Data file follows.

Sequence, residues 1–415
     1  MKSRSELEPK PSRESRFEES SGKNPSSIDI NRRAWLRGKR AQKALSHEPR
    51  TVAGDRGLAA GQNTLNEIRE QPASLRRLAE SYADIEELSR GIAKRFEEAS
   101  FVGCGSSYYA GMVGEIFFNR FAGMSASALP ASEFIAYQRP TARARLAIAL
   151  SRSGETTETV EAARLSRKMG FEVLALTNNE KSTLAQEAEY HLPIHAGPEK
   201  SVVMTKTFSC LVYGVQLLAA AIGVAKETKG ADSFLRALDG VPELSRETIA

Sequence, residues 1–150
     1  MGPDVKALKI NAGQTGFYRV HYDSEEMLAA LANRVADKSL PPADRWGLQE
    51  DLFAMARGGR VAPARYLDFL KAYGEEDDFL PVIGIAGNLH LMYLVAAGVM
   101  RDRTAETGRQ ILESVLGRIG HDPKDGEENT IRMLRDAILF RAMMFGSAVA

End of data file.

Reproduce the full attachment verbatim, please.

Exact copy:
Sequence, residues 1–415
     1  MKSRSELEPK PSRESRFEES SGKNPSSIDI NRRAWLRGKR AQKALSHEPR
    51  TVAGDRGLAA GQNTLNEIRE QPASLRRLAE SYADIEELSR GIAKRFEEAS
   101  FVGCGSSYYA GMVGEIFFNR FAGMSASALP ASEFIAYQRP TARARLAIAL
   151  SRSGETTETV EAARLSRKMG FEVLALTNNE KSTLAQEAEY HLPIHAGPEK
   201  SVVMTKTFSC LVYGVQLLAA AIGVAKETKG ADSFLRALDG VPELSRETIA

Sequence, residues 1–150
     1  MGPDVKALKI NAGQTGFYRV HYDSEEMLAA LANRVADKSL PPADRWGLQE
    51  DLFAMARGGR VAPARYLDFL KAYGEEDDFL PVIGIAGNLH LMYLVAAGVM
   101  RDRTAETGRQ ILESVLGRIG HDPKDGEENT IRMLRDAILF RAMMFGSAVA